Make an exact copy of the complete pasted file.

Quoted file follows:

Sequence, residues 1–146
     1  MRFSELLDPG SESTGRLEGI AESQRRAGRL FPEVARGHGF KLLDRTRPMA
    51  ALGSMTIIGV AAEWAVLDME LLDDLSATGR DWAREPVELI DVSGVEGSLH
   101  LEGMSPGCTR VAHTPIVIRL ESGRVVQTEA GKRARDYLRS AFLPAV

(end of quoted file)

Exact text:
Sequence, residues 1–146
     1  MRFSELLDPG SESTGRLEGI AESQRRAGRL FPEVARGHGF KLLDRTRPMA
    51  ALGSMTIIGV AAEWAVLDME LLDDLSATGR DWAREPVELI DVSGVEGSLH
   101  LEGMSPGCTR VAHTPIVIRL ESGRVVQTEA GKRARDYLRS AFLPAV